Tuesday, August 9, 2011

First People We Met

When we got to Furukawa, the first people we met were the Asano's.  They are the go-to people with Mormon Helping Hands there.  They are the cutest Japanese people.  You just meet them and you instantly love them.

Sorry, not a very good photo of Sister Asano.
Shortly after arriving, I had a few minutes alone with Sister Asano.  She shared her story with me.  It was fascinating.  Last night, before we left Furukawa, she approached me and asked if I wanted a printed copy of what happened to her.  I was thrilled.  Only one problem, it's written in Japanese.  She asked me to make copies for everyone else, so I will.  I will also try to come up with a translation, so I can check the accuracy of my understanding of her story.  For now, this is her story as I understood it on my first night in Furukawa.

The day of March 11th, she was helping a woman in the ward who owns a floral business.  She'd been helping her a lot around that time and her shoulders were starting to hurt with all the lifting she was doing.  Because of that, she had called her husband to come help her, so he did.

They were 25 minutes away from their home in Higashi Matsushima doing deliveries for their friend.  Brother Asano's mother, who lives with them (very common in Japan for the eldest son to be the caretaker for his parents), was at the hot springs, so she wasn't home either.

Sister Asano told me the exact time of the earthquake--2:46pm.  As I spoke with people, one thing I noticed, you can ask nearly any person from northern Japan about the earthquake, and they'll tell you what time it began.  It was THAT intense.  She said it was like nothing she'd ever experienced before.  It was three gigantic earthquakes--one right after another.

They heard, shortly thereafter, that a tsunami was coming.  She said that because they were in the car, they were safe. They headed for higher ground.

This is their hometown now:

Higashi Matsushima - August 2011

Their home was completely destroyed.  They went back three times to retrieve things, but there was nothing to salvage.  They left it all behind and moved into a shelter.

Sister Asano shared that her time in the shelter was some of the best times of her life.  She said the first thoughts in her mind as they drove that day--March 11th--were the words spoken to Joseph Smith while he was in Liberty Jail.  She knew tough times were ahead.

She said she knew that it wasn't going to last forever but that she had to make the best of whatever she was given.

She also said, "You know what we learn about losing yourself in the service of others and that if you do that you will truly be happy?  Well, I learned that that's true."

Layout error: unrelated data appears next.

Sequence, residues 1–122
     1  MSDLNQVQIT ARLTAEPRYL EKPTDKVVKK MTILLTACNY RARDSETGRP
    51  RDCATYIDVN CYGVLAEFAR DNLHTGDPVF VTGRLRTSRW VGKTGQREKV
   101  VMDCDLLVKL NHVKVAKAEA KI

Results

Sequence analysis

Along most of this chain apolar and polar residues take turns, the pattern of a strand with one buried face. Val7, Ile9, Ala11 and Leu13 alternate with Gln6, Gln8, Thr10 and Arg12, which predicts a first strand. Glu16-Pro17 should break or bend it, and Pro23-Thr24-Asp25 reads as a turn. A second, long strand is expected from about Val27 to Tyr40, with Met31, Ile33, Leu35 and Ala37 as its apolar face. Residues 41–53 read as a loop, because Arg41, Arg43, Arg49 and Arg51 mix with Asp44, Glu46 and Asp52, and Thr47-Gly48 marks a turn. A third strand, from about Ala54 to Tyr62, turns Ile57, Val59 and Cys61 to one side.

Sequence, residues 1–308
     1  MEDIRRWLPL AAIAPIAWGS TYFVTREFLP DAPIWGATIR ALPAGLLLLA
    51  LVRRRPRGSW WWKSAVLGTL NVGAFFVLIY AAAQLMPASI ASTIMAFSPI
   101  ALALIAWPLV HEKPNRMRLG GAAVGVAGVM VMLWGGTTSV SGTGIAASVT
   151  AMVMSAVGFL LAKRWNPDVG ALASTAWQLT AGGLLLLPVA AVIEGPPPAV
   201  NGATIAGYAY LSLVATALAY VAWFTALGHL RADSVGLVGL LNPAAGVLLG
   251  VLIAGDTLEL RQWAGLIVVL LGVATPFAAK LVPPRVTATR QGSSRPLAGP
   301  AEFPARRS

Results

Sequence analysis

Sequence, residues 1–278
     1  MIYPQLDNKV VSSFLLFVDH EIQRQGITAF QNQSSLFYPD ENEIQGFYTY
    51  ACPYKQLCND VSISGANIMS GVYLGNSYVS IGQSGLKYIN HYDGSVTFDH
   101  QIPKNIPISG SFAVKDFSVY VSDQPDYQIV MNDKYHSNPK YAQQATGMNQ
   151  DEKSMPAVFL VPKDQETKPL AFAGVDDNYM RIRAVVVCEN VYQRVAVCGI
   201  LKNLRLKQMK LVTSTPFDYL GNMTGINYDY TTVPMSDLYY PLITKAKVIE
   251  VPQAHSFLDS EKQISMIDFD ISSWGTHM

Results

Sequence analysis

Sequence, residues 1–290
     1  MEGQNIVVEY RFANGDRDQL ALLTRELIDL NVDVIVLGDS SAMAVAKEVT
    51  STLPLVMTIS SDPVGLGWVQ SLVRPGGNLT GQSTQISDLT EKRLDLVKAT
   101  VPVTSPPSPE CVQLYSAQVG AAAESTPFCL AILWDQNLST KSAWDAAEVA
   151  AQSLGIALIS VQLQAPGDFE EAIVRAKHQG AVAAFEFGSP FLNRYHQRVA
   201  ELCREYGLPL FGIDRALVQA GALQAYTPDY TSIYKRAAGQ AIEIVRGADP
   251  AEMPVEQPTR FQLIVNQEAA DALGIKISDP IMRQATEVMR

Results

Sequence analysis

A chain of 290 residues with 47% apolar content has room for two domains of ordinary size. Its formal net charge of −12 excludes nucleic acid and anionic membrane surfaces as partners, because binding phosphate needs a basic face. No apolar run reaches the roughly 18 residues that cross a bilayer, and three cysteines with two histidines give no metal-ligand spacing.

While in the shelter, there were others who had lost so much more than the Asano's had.  There were families who'd lost children and other loved ones.  The Asano's knew they had been very blessed.  They spent their time concentrating on how they could bless the lives of all the others in the shelter.  She said there were no volunteers, just the victims.  They had to make the best of it.  She said there she was truly happy.  She lost herself in the service of others.  In so doing, she made some great friendships.  She said she still talks to them on the phone all the time.

Here's a woman who had lost all of her worldly possessions.  She lived in a very nice neighborhood and had a very secure life.  Suddenly, she had nothing yet she was happier than she'd ever been?  Wow!  What a lesson to be learned.

Over time, the church put the Asano's in charge of the Helping Hands effort in Furukawa.  They greet each person that comes to help.  If there is no international driver's license, Brother Asano plays "taxi driver" and gets the workers where they need to be.  He is also the contact person for the people in the devastated cities.  He arranges what needs to be done and who's going to do it.

This means that this man holds a meeting every morning, Monday through Saturday, at 7:10am.  Before that, he opens the church and goes and picks up the people staying in the farthest away apartment.  He directs all the workers on getting out the equipment and supplies--including the food boxes for those who have recently moved back into their homes and still have nothing.  During the meeting, he makes sure to tell all the workers two specific things--where to go if you need to use the restroom and where to go if there should be another tsunami.  He warns about wearing masks and not stepping on nails and he makes sure there is always a group prayer to begin the day.  He drives if needed, acts as tour guide at times and ends some of his days by greeting the new Helping Hands workers as they arrive; sometimes this is late at night.  This is a man who has everyone's best interest at heart.

Last night, knowing we were leaving, he and his wife threw a takoyaki party for us.  They had three takoyaki cookers going and made little bread balls with octopus, green onion and red ginger in them.  He wanted to make it a special occasion to see us off.  He does this for everyone who comes to work.

Honestly, I know very few people like that Asano's.  They may very well be the richest people I know.


Alyson said...

Amazing store about some very sweet people.

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